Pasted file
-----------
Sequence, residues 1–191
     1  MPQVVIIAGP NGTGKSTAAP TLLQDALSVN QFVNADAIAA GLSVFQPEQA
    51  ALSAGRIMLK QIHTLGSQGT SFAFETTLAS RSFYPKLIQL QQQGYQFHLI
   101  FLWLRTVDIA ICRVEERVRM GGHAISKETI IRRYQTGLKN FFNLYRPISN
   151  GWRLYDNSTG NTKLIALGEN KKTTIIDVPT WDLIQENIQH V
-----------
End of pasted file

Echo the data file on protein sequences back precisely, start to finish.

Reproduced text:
Sequence, residues 1–191
     1  MPQVVIIAGP NGTGKSTAAP TLLQDALSVN QFVNADAIAA GLSVFQPEQA
    51  ALSAGRIMLK QIHTLGSQGT SFAFETTLAS RSFYPKLIQL QQQGYQFHLI
   101  FLWLRTVDIA ICRVEERVRM GGHAISKETI IRRYQTGLKN FFNLYRPISN
   151  GWRLYDNSTG NTKLIALGEN KKTTIIDVPT WDLIQENIQH V